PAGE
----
“It was such an eye-opener,” Collaso says, “how they lived
and who they were … We really got to make a difference.”
Warner and her daughter, Hayden, spent the crisp fall morning handing out hat pins, kiddie tattoos and water-conservation
coloring books from under a gazebo.
Some residents brought out pictures of Orme as a bustling
mine town to share. They chatted with visitors about the hardship, and their hope, of keeping livestock thriving with just three
hours of water a day.
“One comes away with a very strong sense of family in Orme,”
Warner says. “They know their neighbors well and they work
together to find solutions to the challenges in their community.”
A late model series NASCAR was brought in, thanks to GDSI
of Columbia, Tenn., and helped entertain residents and their kids
while teams went to work on their antiquated plumbing fixtures.
Peoples Bank of Kimball provided a barbecue lunch for the
volunteers. Portable toilets had to be brought in for them, too.
At the end of the day, a resident who had declined a plumbing update for his home showed up at the fire hall. He wondered
if it was too late for his turn.
Exhausted plumbers hopped in a truck.
A THIRST QUENCHED
Orme is still the kind of town where they use a Halloween carnival or a dog show to put a few hundred bucks into a city
budget worn thin. But it’s a different place than it was before
Nov. 17. Volunteer efforts replumbed the town so much so that
the allowed three hours of daily usage became 12. Washing off
a plate with an updated faucet, for example, became a 3/4
-gal-lon-a-minute endeavor instead of a 10-gallon-a-minute waste.
The amount of water being used was the same, but the way
it was entering homes through conservation-savvy fixtures
allowed it to be stretched much, much further.
The town breathed an even bigger sigh of relief when the
pipeline connecting it to the water utility in Bridgeport, Ala.,
was finally finished.
“We all appreciate it so much,” says Reames, who doesn’t
ever again want the responsibility for cutting off his friends’
showers. “The whole thing really impressed me. I’d welcome
them here any time.”
It’s hard to gauge whether it was plumbing or people most
impacted from the day of the great toilet derby.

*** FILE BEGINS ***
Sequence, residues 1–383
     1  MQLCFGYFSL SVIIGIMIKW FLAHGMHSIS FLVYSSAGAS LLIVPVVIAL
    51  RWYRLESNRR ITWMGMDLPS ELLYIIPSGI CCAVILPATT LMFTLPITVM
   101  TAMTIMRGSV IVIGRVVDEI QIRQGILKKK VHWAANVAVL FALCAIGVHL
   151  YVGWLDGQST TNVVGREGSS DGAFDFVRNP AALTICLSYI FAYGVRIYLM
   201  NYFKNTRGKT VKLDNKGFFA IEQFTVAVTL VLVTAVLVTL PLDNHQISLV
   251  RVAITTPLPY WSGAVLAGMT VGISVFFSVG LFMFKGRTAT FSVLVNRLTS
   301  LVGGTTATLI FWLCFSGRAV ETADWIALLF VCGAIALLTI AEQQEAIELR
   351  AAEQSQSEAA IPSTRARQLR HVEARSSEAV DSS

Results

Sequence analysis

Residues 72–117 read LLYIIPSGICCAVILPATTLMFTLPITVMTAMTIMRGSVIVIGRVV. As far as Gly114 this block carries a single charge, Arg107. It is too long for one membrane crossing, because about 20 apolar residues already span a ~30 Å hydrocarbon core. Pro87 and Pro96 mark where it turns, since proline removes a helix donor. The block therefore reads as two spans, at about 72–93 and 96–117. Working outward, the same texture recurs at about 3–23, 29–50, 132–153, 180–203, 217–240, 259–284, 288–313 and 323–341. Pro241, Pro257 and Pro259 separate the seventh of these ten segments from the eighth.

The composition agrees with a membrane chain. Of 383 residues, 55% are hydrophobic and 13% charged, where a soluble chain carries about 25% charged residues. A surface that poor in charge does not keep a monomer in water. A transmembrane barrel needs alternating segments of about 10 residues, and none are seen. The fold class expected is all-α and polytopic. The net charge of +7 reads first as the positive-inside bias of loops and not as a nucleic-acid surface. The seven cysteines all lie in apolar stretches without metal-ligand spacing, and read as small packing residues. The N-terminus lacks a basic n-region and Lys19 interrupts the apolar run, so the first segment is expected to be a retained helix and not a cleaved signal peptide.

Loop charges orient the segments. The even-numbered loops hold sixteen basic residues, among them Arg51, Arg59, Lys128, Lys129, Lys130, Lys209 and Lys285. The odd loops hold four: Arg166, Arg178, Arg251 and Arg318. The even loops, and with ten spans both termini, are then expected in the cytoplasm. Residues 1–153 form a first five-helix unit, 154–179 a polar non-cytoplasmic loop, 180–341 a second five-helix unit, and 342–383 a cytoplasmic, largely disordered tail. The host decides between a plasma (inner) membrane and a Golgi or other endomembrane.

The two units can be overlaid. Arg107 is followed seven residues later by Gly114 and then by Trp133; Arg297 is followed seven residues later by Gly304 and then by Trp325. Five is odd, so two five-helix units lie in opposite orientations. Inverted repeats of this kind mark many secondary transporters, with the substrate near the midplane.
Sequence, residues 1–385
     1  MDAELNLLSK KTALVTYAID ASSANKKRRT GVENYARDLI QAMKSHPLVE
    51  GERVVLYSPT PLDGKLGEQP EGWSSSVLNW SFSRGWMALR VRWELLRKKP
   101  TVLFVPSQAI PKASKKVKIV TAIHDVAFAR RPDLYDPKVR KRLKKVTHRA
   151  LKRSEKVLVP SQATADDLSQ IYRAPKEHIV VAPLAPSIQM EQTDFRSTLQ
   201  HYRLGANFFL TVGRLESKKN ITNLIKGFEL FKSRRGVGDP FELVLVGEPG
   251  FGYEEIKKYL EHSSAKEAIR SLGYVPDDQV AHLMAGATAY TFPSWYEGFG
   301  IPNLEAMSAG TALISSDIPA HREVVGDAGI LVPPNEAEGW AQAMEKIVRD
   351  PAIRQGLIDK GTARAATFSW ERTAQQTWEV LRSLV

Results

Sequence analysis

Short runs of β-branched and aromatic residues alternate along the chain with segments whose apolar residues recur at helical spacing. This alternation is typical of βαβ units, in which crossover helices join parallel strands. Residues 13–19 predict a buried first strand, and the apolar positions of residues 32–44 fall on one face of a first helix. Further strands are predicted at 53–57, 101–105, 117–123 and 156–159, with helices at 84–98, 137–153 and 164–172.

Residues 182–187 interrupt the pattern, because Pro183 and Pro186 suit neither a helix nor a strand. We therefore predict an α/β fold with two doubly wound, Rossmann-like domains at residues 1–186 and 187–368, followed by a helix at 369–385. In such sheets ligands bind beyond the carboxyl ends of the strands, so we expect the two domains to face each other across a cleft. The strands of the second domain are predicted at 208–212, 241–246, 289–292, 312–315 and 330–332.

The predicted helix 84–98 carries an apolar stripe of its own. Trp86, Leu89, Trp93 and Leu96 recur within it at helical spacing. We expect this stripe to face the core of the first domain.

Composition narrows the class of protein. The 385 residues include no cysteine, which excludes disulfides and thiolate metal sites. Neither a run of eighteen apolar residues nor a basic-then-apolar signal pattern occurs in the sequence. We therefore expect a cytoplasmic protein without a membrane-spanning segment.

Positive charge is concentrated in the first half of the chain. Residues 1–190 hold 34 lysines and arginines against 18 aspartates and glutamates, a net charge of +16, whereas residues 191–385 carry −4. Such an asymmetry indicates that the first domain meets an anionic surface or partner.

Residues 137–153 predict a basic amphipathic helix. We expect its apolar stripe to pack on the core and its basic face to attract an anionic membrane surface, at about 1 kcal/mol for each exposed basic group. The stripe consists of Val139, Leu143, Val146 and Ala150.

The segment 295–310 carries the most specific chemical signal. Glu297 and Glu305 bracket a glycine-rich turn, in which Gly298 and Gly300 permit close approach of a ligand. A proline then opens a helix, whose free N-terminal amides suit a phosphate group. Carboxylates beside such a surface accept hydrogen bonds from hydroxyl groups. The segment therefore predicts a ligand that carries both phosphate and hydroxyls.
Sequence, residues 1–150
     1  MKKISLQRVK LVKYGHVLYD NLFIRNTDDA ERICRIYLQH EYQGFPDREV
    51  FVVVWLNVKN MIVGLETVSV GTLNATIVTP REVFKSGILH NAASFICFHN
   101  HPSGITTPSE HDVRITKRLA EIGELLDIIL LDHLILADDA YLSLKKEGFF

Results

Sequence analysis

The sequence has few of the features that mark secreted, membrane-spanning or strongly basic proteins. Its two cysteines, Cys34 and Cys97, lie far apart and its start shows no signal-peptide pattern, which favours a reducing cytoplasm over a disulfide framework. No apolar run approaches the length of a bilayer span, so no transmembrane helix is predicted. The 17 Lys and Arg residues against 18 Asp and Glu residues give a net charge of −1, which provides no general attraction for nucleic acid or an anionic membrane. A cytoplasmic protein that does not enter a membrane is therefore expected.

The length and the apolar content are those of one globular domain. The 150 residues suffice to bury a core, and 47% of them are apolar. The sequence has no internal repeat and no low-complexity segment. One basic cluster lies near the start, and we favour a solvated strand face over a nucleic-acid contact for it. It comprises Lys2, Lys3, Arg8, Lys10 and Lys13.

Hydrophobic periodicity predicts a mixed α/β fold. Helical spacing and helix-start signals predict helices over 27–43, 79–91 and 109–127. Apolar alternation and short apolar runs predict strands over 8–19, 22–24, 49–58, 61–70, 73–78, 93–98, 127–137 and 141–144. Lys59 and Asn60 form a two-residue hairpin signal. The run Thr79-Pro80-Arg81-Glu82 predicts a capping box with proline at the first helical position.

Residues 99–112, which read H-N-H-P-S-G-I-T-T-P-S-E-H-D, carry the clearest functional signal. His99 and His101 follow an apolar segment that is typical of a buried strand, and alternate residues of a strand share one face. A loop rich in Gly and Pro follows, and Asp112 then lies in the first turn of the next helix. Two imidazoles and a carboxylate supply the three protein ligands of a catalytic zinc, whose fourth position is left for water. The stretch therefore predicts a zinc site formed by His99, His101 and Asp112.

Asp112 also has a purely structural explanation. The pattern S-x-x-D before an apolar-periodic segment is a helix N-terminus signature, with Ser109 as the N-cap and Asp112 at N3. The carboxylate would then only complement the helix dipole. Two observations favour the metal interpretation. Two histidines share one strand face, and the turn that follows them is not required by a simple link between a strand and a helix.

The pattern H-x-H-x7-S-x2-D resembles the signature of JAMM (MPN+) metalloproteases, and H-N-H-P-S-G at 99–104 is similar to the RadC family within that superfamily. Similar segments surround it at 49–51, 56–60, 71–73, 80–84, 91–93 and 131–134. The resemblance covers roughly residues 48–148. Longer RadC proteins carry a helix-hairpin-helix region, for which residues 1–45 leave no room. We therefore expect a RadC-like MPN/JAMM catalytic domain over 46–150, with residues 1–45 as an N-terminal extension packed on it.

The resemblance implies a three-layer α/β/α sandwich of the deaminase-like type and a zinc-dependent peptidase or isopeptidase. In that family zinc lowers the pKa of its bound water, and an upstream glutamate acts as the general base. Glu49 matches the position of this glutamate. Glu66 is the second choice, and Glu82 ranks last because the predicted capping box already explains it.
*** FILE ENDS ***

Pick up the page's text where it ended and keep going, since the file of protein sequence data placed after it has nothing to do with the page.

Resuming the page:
Warner, who traveled to Orme with her daughter, says, “It
really showed her the power of an event like this — the impact
it can have on a community. Personally and professionally, it
was an experience I will never forget.”
PMI’s Higgens says her association members have learned
the benefits of being able to act quickly and have a streamlined
chain of approval in place.
“Because Robert’s intentions were so genuine, there was
no rolling of the eyes by his competitors, just `Darn, I wish we
could have helped.’ Some companies just couldn’t act as fast,”
“What was great is that every association claims to be mem-ber-driven, but this truly was. It left no room for criticism, and
it left room for everyone. Orme was an opportunity to demonstrate where our members’ hearts were in the first place.”
As for Easter and that H20 Guard, they both got a great
SIMPLE STEPS TO BIG SAVINGS
The increase in environmental awareness — as well as the
2007 drought that ravaged the Southeast — has people
thinking more consciously about their water usage. Here are
some simple ways to save water and money:
• Don’t over water your lawn. Water every three to five
days in summer and 10-14 days in winter.
• To prevent water loss from evaporation, don’t water
your lawn during the hottest part of the day or when it
• Only run the dishwasher and washing machine when
they are fully loaded.
• Defrost frozen food in the refrigerator or microwave
instead of running water over it.
• When washing dishes by hand, use two basins — one
for washing and one for rinsing — rather than let the
• Use a broom, not a hose, to clean sidewalks and
• Repair dripping faucets and leaky toilets. Dripping
faucets can waste about 2,000 gallons of water each
year. Leaky toilets can waste as much as 200 gallons
• Maintain a lawn height of 21/2 to 3 inches to help
protect the roots from heat stress and reduce the loss
of moisture to evaporation.
• Avoid planting turf in areas that are difficult to irrigate
properly such as steep inclines and isolated strips
along sidewalks and driveways.
• Aerate clay soils at least once a year to help the soil
• Mulch around plants, bushes and trees to help the soil
retain moisture, discourage the growth of weeds, and
provide essential nutrients.
• Plant in the spring or fall, when watering requirements
• Use porous materials for walkways and patios to keep
water in your yard and prevent wasteful runoff.
Source: Drinktap.org, presented by the American Water Works Association
workout in Orme.
“I had never encountered such bad water. Orme was the first
time we were able to figure out every variable to a clog,” he
says. “The water and sand from their pipeline construction was
awful, so it actually helped us troubleshoot. If we can do it here,
we can do it everywhere.”
“When you can meet your professional goals by solving the
world’s bigger problems … it doesn’t get much better than that.”
Susan Besze Wallace is a freelance writer living in Virginia. She may be reached
THE JULY 2008 SIGNATURE STORY features the Construction Career
Opportunity Program, an innovative initiative from the Builders Association
designed to create more long-term career opportunities for minorities in
Chicagoland’s construction industry. The Builders Association is a trade
association with 150 members, a staff of eight, and an annual budget of
$1.3 million. For more information, visit www.bldrs.org.